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Mariana Alzamora: A journey of hope in artOctober 14, 2016


The exhibition by Mariana Alzamora which opens at the wonderful Sa Tafona gallery space in Belmond La Residencia, in Deià, on 14 October is the next step in an artistic life journey that began in Peru.

Mariana’s father, Victor Alzamora Castro, was a Peruvian cardiologist and her mother the sculptor Jeanne Moehlman de Alzamora. After spending the first fifteen years of her life in Peru, Mariana moved with her family to the USA, to her mother’s hometown Ann Arbor, Michigan  This was the 1960s, a time of experimentation and self-discovery. In the spirit of the times, Mariana left the art school at the University of Michigan as she thought it more important for her to find out who she was than to complete formal training in art.

As she says, ‘I didn’t identify with what other people were doing. I needed to find out who I was for art to come from deep within myself.’

Mariana’s journey took her to Lindos in Greece, where she became part of a community of artists. The image of an ‘inverted, emptying woman becoming mountain or tree’ came to her. This intensely charged symbol, which Mariana sees as representing herself, womanhood, and the female in nature, became fundamental to Mariana’s vision and still features in her work today. Mariana also uses symbolism related to ‘the woman curled in a fetal position or floating or standing with eyes closed or open. Half-woman. Woman dismembered, disintegrating and reintegrating, pregnant, mountain, water and wind. Representing the different stages of life and the feelings we go through.’

From Peru, Mariana returned to the States, to the island of Boca Grande in Florida, where she painted onto silk, making clothing that honoured and celebrated the simplicity and abundance of life on the island. Later, when her two sons grew up, she questioned herself and her role once again and, through what she called ‘Retablos’, began making ‘utilitarian work in clay to make and find the woman’. When her journey took her to live in Costa Rica, she used the natural tone of the material itself rather than the vivid colours characteristic of her previous work. In time, the language she learned through the clay she applied to large oil paintings where ‘colour was light and her arms could fly, transcend  gravity, time and space on the canvas’.

Although she had been visiting Mallorca since 1976 to visit her sister Gracia Alzamora who lived in Deià, Mariana finally settled on the island in 2004. She now lives between Deià and Soller.


Mallorca – the return to the integration of culture and the garden  

The work Mariana is showing at Sa Tafona is tonally affected by where she lives now, reflecting the many subtle shades of colour in the landscape. Her etchings, she explains, ‘are used not as a means of repeating an image but as monoprints whereby through drawing and layering I further observe the work and life. I also do this with the clay and painting. The figure of the woman in her many forms is still there but she’s no longer primitive looking.’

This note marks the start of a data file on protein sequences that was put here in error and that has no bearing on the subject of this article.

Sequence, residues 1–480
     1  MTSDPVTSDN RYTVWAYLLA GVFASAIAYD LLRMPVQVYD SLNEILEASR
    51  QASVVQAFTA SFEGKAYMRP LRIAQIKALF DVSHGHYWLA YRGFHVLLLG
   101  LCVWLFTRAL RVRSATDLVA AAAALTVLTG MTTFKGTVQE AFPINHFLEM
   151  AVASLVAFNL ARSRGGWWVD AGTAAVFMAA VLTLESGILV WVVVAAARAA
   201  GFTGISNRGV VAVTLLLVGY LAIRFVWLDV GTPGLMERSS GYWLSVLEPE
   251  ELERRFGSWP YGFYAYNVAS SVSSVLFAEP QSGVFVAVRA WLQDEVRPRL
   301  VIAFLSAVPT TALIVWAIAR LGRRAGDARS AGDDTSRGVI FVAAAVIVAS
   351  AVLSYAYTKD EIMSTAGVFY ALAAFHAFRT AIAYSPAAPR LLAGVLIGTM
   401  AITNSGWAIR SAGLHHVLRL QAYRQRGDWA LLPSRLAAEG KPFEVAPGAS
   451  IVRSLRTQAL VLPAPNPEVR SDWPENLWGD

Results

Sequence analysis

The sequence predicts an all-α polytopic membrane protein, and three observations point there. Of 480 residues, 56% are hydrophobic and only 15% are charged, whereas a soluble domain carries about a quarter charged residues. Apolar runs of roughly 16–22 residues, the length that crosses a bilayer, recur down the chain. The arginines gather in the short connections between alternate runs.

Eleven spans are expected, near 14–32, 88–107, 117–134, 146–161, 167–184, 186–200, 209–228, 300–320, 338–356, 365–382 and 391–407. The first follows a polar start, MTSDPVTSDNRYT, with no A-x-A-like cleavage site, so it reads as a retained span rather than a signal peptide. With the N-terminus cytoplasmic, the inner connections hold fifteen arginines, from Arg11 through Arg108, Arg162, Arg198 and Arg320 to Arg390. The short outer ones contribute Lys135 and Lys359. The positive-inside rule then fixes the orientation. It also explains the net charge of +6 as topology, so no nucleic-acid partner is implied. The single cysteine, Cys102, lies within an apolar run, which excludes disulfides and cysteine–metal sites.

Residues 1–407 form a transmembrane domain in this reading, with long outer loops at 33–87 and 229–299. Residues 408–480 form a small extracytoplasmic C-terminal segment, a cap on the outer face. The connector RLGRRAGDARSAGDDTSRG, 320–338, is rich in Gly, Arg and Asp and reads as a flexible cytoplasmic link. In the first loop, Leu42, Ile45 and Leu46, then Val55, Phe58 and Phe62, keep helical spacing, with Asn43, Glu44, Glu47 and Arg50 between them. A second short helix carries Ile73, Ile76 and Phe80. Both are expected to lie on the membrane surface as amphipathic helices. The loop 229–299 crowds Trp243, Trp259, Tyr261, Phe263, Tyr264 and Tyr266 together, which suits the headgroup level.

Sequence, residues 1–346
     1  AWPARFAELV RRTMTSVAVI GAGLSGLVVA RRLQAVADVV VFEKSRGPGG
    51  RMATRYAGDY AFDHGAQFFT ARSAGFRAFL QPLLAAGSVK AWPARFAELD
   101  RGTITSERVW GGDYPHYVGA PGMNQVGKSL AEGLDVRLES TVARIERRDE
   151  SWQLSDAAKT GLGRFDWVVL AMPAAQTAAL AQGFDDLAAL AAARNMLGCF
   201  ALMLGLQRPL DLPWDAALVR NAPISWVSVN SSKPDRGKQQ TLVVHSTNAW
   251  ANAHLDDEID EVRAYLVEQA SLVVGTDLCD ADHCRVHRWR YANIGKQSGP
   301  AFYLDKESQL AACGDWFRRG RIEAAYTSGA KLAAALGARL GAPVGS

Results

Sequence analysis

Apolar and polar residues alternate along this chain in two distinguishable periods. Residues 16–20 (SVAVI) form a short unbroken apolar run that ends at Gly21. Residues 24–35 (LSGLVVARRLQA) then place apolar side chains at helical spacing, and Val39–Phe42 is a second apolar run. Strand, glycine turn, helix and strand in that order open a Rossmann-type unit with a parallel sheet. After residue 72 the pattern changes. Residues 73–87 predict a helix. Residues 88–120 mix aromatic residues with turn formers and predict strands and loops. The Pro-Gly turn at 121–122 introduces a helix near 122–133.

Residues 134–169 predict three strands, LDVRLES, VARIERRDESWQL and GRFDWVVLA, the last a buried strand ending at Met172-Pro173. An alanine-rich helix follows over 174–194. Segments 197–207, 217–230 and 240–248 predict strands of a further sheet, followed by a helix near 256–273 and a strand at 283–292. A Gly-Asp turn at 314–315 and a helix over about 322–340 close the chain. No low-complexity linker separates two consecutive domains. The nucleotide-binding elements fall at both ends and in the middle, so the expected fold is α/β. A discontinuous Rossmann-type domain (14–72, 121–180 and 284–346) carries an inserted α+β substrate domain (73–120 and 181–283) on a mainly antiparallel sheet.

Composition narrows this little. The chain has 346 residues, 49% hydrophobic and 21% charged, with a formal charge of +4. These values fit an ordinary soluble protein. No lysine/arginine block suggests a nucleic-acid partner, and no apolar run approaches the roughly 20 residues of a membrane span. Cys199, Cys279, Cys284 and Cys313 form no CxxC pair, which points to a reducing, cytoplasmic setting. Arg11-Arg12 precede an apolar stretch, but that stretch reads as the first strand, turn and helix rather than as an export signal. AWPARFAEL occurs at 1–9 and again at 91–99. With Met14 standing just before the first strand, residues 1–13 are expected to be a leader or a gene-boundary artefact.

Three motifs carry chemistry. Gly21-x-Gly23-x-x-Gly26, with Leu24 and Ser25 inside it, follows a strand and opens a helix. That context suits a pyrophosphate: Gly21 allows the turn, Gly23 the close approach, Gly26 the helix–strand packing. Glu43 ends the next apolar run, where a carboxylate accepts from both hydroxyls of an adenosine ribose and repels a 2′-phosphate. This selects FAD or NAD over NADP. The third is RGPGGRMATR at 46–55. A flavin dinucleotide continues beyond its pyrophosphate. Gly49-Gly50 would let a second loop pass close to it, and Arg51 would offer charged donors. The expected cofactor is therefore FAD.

For Mariana, ‘Ours is a such a generous terrain, irrigated by springs from the mountains’ great reservoirs and water-filled veins. It has been sculpted over the centuries by wind and rain and by man with such sensitivity. The shapes made by the kilometres of olive terraces as they follow the contours of the land are beautiful. As is the way the slopes are elegant steps that lead us from one terrace to another are engineered, allowing us to flow through the levels.’

After a lifetime of wandering, Mariana feels at home here as part of an international community of people who have also been ‘liberated through rootlessness.’


About hope

Feeling settled with like minds in a place she loves fuels the sense of hope that inspired the exhibition at Sa Tafona.

‘I believe,’ Mariana says. When Pandora opened what was actually not a box but a Pythos, a jar in the abstracted shape of a woman and released evils into the world, leaving only hope inside, in the womb if you like, It was good and necessary, like Eve taking the notion of duality from the tree of knowledge. Evils were revealed, giving humanity the opportunity to see and study them. We were also given the choice to overcome evil, so important at this time when the global population explosion will either make humanity dwindle back to earth or reach a new level of consciousness and beauty.’

This sense of hope is rooted in nature and in the coming generations who ‘see the earth and politics differently’. Ultimately, then, the theme of Mariana’s exhibition is ‘The Return to the Garden, where a new generation will take care of the earth’.

Representing this new generation at the exhibition will be Mariana’s son Daniel, an inspired musician, who will be performing with the splendidly named Shaman LeBrun and a pair of dancers, another excellent reason to attend Mariana’s vernissage at Sa Tafona tonight at 7.30.

Marianas exhibition opens Friday 14 October at Sa Tafona and runs until the 26th.



Patrick Hill is co-founder, and co-owner, of Charles Marlow with his brother Charlie. He was the first to come from the UK to Deia to start the company. Today, Patrick continues to help set the strategic direction and splits his time between the UK and Mallorca

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